For many of our readers, Maestro Glen Fast does not need much of an introduction. He has been the face of the Kingston Symphony for 20 years now (although I suppose concert goers are more familiar with his back…). His big anniversary was celebrated this past Sunday at the Grand Theatre with the symphony’s final concert of the season, Simply Beethoven. The concert was a smashing success with a sell-out crowd for Beethoven’s Egmont Overture, Triple Concerto and the famous 5th Symphony. As a member of the violin section I feel very lucky to work with Glen. As a specialist in his field, he knows how to bring out the best in his orchestra, always pushing us to work our hardest, but he is also very personable, funny and down to earth. You can see him discussing the Kingston Symphony in a monthly video blog as well as the newly released video promoting the 2011-2012 season. He is always willing to support his orchestra so when I proposed an interview, he agreed without hesitation.
1. The Kingston Symphony has been very supportive of works by notable composers in Kingston such as those of recent Juno award winners and Queen’s professors John Burge and Marjan Mozetich. Why is it important to you to support and premiere works by local composers?
I am fascinated by the creative process of composers. I have tried myself to compose music at times but only hear the music of others. It takes years of hard work and a very special talent to find one’s own voice. I believe the composers in Kingston that we feature are very special in this regard and deserve to be supported. It is exciting to vicariously be a part of the creative process and bring new music to life.
2. We are lucky to have a full association of musicians including the Kingston Choral Society, the Kingston Youth Orchestra and the Community Strings in addition to the Kingston Symphony. How would you like to see Kingston’s classical music scene develop further? What dream concert would you love to be a part of?
Kingston is very rich in the tradition and love for “Classical” music. So much of our success depends on the dedication of musicians, choristers and the many volunteers working behind the scenes. As the city grows, there will be more resources and audience available to ensure that artistic quality continues to improve and the Kingston Symphony Association prospers.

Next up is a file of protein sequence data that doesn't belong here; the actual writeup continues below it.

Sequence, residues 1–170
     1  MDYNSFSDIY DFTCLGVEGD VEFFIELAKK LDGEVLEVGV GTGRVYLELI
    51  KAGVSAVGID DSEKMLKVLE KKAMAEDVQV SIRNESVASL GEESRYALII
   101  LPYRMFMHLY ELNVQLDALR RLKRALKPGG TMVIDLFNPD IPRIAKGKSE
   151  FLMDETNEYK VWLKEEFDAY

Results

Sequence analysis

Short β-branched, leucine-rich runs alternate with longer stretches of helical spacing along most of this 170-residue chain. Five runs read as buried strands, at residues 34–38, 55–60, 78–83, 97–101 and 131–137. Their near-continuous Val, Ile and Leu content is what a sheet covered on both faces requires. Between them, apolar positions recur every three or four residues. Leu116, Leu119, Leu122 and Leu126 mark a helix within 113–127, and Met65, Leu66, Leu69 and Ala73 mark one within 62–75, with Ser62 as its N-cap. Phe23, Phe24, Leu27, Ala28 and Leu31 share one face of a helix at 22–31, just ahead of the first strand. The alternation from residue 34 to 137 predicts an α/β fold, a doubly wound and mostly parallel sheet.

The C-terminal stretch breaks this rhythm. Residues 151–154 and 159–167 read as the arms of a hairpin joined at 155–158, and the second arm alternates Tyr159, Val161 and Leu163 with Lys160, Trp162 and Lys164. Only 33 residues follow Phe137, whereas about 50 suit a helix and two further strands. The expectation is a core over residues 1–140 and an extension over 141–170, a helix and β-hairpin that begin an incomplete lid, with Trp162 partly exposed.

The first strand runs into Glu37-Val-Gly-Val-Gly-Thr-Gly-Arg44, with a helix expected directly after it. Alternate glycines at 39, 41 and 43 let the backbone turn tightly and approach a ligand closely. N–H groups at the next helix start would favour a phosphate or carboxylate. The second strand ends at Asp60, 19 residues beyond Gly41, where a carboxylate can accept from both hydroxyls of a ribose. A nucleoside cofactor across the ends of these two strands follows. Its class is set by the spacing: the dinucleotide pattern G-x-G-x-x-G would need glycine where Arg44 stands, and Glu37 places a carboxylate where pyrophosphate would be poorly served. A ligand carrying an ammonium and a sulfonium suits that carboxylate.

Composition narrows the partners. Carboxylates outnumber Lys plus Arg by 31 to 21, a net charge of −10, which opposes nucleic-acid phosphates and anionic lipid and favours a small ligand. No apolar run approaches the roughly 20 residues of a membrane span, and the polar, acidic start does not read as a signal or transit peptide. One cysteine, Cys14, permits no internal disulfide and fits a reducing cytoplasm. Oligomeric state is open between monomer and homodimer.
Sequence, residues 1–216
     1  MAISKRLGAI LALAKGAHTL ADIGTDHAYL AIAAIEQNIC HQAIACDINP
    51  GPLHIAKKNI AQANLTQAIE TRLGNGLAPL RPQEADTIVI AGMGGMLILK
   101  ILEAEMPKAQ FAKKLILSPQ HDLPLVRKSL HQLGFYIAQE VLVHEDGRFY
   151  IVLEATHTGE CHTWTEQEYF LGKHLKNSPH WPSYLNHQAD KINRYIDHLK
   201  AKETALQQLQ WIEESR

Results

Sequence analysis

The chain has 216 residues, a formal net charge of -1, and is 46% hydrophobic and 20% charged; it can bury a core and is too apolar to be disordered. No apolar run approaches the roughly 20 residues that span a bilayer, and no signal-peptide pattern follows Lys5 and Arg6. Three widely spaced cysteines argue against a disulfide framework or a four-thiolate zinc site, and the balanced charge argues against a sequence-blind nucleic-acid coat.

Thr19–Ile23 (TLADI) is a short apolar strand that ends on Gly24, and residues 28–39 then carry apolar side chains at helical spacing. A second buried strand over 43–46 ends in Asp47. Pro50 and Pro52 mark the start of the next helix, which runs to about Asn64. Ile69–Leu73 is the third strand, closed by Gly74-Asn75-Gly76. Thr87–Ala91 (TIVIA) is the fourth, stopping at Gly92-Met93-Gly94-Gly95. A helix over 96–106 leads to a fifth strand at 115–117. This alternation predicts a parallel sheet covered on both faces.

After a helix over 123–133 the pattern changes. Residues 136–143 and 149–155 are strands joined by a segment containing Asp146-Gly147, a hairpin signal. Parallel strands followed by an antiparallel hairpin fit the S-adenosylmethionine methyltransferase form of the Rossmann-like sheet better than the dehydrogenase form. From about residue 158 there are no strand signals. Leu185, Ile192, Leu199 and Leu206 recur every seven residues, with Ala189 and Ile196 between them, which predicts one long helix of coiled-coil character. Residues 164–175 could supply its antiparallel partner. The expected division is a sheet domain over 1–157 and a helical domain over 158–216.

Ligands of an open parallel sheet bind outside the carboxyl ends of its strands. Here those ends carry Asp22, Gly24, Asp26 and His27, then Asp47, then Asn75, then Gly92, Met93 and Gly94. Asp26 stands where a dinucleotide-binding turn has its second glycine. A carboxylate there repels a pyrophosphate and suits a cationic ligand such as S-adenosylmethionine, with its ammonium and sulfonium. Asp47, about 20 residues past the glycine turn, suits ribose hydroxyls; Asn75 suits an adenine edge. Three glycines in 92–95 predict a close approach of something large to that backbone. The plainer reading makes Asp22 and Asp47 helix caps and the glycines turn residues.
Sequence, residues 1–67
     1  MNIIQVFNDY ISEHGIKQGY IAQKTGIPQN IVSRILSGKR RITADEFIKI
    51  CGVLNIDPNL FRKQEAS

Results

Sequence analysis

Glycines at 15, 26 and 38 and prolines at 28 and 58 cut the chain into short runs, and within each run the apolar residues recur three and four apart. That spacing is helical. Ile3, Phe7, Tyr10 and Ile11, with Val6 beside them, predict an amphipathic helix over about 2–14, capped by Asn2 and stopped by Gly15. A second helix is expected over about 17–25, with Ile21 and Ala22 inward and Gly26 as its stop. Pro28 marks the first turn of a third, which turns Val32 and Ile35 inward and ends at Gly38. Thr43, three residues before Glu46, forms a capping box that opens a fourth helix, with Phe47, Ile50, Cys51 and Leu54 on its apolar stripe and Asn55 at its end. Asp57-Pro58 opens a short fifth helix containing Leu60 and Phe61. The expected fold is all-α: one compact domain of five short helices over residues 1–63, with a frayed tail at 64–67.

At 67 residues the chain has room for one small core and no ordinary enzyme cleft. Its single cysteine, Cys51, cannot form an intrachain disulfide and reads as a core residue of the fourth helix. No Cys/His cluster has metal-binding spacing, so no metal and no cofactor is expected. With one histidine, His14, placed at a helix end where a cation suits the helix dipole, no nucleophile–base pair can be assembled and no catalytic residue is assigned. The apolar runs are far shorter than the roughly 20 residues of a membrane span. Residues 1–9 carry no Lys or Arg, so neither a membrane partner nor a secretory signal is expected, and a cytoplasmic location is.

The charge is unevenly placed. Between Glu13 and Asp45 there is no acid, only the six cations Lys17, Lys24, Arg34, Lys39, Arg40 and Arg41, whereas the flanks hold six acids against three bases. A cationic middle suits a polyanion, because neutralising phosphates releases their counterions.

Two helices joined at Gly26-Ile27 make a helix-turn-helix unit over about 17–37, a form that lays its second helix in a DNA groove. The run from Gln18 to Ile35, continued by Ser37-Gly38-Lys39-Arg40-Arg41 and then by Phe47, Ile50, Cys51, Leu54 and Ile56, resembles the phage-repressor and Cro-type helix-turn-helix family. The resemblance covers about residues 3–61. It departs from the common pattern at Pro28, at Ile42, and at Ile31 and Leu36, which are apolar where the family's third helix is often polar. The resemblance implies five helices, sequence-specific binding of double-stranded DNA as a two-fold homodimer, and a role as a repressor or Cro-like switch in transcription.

My dream concerts would include Mahler Symphonies and live operas. How about a month dedicated to all the Prokoviev Symphonies! Signs on buses advertising Shostakovich week! A Canadian Music Festival!
3. Do you have any rituals before and/or after a concert? Any superstitions?
I have for the last 15 years worn the same shoes and cuff links for every concert. I bought them in Mexico when I was giving concerts there. I suppose in a way I consider them “lucky” and I find comfort in the fact that they have done it all with me before. Before concerts I try to keep quiet and focused. I always iron my shirt. Usually the last thought I have before going on stage is how lucky I am to have the privilege of experiencing great music in this way.
There is often a tinge of sadness after performing a great work, knowing it may be years before I have a chance to perform it again. It is hard to say goodbye to such an intense experience. A wee dram with good company can cure this……
4. Which composers and conductors, alive or dead, have inspired you the most in your career?
No surprises here. My early years were full of Bach, Beethoven and Mozart with a twist of Rossini. Then came the romantics, Brahms and Schumann. Of course, I had a great period of love for Mahler which continues. Schubert is the greatest of them all. He saw beyond our existence and soared in a world of complete and profound bliss. On this foundation came the great 20th century composers and the music of our time. All I know about conducting comes from watching and listening to the great conductors. There are many.
5. You’ve played the violin, the piano, the flute and most recently the cello. What made you choose to pursue conducting over performance?
My destiny was driven by passion for the orchestral repertoire. Very early in life I formed an emotional bond with many great orchestral works. Music studies led to opportunities where I could explore and begin to learn the great art of conducting. In a way, conducting is not that different from mastering an instrument. Both take dedication and nerve.
6. You seem to move from classical repertoire to jazz and blues and Broadway tunes (some of which can easily be categorized as pop or rock) with ease. What music do you have in your CD player or MP3 play list that people might be surprised to learn about?
When I was a kid I wore out recordings of Louis Armstrong and Bernstein’s West Side Story. I loved the sound and energy of a juiced up jazz band. The complexities of jazz rhythms and harmonies are amazing. The sentiments are deliciously irreverent. As Satchmo said: “If you have to ask, you ain’t got it.”
I am not a snob. I just don’t like rock music. The energy is for young people and I seem to have missed that stage in my youth. I have no affinity or nostalgia for it at all. It is too loud and too simple. (End of rant….sorry.)
I seldom plan to listen to music. I prefer the random selection that comes to me over the radio. I also love silence!